Boyden Cavern is a marble cavern with a small underground waterfall. The cavern extends 750 feet inside the mountain and features stalactites, stalagmites, cave bacon, soda straws, flowstone, draperies, shields, helictites, pendants, and formations that resemble pancakes, a wedding cake, an upside down city, and even bear. On tours, you’ll navigate an underground stream and your feet will get wet!
08. Grizzly Falls
Grizzly Falls is a stunning and thunderous 75 foot waterfall that plunges down a wall of granite into a rocky pool. The Gizzly Falls Picnic Area is right off the highway and a short 0.1 mile trail leads to the base of the waterfall.
09. Cedar Grove Visitor Center and Village
The Cedar Grove Visitor Center provides visitors information about the Cedar Grove region of Kings Canyon National Park. Here you can chat with a ranger, pick up maps and guidebooks, and buy books, souvenirs, apparel, and even games. Cedar Grove Village has campgrounds and a lodge, market, gift shop, showers, and snack shop. Cedar Grove Market sells everything from groceries and camping supplies to souvenirs and bear-proof food containers.
10. Canyon View Overlook
Like the Kings Canyon Overlook, the views from this overlook are obstructed by trees. The difference here is that you can see over the trees into the gorgeous canyon.
11. Knapp’s Cabin
Built during the Roaring Twenties by wealthy Santa Barbara businessman George Owen Knapp, this simple, one-room, wood-shingled cabin is the oldest building in Cedar Grove. It sits just downstream from the confluence of the Roaring River and was to store gear for Kanpp’s extravagant fishing and camping excursions in Kings Canyon.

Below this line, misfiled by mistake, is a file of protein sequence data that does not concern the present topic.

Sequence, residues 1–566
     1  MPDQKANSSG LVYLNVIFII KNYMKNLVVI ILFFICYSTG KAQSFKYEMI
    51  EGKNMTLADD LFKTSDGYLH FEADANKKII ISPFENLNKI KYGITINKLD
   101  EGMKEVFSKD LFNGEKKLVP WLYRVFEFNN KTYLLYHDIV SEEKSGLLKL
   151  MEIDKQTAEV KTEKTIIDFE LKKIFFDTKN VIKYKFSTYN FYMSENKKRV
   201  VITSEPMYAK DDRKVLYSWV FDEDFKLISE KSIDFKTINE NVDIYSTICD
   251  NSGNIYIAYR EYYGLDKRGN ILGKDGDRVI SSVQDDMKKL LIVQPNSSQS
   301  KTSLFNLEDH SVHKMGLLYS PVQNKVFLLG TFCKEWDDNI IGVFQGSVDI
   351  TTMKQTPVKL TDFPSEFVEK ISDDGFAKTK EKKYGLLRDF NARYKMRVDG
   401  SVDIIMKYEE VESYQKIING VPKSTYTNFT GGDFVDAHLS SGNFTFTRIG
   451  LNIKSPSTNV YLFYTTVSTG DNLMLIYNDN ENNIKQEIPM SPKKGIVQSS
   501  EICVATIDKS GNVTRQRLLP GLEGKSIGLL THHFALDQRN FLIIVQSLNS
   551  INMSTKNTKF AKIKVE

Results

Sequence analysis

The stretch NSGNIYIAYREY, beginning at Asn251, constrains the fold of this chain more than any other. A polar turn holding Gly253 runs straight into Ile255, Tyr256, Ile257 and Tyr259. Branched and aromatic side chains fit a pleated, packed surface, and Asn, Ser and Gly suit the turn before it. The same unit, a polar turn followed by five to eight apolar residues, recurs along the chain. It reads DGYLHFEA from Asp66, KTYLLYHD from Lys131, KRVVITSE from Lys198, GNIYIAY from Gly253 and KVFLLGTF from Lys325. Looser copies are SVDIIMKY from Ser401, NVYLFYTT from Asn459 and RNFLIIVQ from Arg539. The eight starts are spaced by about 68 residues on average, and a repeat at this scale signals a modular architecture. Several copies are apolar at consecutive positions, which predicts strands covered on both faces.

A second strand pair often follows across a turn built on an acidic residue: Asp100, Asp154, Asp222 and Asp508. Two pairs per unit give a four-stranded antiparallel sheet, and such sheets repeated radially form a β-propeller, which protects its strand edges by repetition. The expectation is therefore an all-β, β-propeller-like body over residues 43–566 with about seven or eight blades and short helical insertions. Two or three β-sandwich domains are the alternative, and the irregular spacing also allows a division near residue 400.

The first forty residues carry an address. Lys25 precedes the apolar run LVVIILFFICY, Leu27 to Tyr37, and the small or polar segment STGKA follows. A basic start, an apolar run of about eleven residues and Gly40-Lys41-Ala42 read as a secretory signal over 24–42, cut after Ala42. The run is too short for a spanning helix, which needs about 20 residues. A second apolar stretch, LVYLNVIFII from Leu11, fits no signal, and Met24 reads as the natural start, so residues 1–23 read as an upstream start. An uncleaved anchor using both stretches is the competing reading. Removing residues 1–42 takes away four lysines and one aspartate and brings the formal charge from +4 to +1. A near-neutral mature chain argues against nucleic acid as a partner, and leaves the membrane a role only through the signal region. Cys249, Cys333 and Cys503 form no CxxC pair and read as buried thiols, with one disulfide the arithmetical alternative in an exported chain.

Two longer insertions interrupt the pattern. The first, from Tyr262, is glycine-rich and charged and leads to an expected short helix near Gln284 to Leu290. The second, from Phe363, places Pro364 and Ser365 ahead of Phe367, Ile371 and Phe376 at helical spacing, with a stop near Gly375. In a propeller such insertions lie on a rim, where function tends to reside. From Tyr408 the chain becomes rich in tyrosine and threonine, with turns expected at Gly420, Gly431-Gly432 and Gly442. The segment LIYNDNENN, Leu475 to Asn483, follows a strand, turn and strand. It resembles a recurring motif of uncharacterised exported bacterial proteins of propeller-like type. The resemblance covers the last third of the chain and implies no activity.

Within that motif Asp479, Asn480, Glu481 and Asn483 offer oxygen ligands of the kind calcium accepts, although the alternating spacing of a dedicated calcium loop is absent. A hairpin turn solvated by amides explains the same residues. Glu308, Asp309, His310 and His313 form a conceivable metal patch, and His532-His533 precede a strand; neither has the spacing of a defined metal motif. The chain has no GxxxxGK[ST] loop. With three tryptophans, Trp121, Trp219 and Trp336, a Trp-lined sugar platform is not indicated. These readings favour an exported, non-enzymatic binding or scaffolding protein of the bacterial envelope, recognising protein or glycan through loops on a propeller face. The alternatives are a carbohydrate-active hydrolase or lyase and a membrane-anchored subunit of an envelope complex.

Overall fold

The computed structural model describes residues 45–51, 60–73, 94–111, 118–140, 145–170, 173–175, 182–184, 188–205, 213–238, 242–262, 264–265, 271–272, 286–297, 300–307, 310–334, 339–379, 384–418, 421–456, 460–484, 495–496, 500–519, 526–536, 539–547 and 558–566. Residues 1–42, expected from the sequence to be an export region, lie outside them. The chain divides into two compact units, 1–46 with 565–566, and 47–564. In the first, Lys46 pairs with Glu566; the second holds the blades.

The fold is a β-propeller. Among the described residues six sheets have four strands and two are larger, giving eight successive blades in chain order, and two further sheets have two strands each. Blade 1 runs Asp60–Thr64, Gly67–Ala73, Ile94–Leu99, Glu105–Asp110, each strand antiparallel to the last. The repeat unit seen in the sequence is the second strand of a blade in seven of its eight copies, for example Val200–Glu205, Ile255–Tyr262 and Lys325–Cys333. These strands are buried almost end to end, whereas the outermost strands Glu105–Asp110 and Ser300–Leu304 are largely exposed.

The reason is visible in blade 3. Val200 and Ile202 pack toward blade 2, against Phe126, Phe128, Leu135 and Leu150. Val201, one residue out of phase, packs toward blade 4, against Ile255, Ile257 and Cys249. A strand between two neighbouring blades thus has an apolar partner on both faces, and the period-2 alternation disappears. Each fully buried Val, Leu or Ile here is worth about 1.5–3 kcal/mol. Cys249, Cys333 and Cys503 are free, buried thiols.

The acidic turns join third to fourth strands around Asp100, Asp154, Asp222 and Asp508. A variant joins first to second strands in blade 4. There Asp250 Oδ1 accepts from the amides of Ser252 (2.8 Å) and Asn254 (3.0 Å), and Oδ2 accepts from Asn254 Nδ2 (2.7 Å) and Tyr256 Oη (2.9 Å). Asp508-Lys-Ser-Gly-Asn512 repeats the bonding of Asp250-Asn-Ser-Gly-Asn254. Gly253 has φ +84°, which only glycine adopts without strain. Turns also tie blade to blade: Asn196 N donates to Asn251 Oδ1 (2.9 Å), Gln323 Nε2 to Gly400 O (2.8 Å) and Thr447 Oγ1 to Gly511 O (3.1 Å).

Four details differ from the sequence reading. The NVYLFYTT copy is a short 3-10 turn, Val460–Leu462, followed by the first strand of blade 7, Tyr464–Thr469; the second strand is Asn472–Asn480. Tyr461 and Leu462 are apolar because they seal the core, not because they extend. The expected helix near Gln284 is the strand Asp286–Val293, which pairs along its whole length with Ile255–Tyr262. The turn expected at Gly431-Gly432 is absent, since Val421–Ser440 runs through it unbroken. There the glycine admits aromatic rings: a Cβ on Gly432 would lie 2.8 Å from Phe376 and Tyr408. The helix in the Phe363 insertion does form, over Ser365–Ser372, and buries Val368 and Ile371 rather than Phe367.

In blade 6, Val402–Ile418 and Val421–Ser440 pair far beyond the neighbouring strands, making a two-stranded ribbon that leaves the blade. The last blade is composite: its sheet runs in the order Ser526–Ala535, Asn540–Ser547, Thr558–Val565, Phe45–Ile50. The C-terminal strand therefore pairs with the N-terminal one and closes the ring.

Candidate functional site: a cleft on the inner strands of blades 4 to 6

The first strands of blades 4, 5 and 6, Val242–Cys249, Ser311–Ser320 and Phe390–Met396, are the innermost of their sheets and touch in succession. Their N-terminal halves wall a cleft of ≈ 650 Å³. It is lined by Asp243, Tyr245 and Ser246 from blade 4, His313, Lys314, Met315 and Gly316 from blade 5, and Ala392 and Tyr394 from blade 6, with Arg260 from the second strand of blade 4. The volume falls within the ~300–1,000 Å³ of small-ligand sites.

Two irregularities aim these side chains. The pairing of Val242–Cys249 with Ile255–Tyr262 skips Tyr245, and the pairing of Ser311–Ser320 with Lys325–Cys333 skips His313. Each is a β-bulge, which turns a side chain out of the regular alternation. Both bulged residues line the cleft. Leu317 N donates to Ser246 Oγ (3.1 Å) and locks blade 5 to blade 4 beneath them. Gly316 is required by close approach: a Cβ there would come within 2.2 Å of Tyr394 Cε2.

12. Roaring River Falls
Roaring River Falls, located where the Roaring River meets the Kings River, drops 40 feet through a narrow granite chute, over a granite ledge into a beautiful, foaming, aqua pool.
13. Zumwalt Meadow
The Zumwalt Meadow Loop Trail is a 1.5 mile trail that sits between two nearly vertical granite cliffs, North Dome and the Grand Sentinel, and features a beautiful wooden bridge, a gorgeous meadow, and the sparkling Kings River.
14. Roads End
Roads End is the actual end of the Kings Canyon Scenic Byway. Here the wilderness begins and access to the stunning mountains, granite walls, remote trails, Muir Rock, and incredible views is all by foot. Here you’ll find the Roads End Wilderness Permit Station that rents bear canisters and sells trail guides and maps. In the off-season, wilderness permits can be self-issued and are free of charge.